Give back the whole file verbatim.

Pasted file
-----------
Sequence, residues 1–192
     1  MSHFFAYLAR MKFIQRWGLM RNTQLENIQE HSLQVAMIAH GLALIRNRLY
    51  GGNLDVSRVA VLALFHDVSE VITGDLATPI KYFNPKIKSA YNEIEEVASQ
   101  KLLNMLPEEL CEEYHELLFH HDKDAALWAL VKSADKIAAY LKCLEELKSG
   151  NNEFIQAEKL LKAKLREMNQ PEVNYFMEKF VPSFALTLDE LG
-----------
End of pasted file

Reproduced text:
Sequence, residues 1–192
     1  MSHFFAYLAR MKFIQRWGLM RNTQLENIQE HSLQVAMIAH GLALIRNRLY
    51  GGNLDVSRVA VLALFHDVSE VITGDLATPI KYFNPKIKSA YNEIEEVASQ
   101  KLLNMLPEEL CEEYHELLFH HDKDAALWAL VKSADKIAAY LKCLEELKSG
   151  NNEFIQAEKL LKAKLREMNQ PEVNYFMEKF VPSFALTLDE LG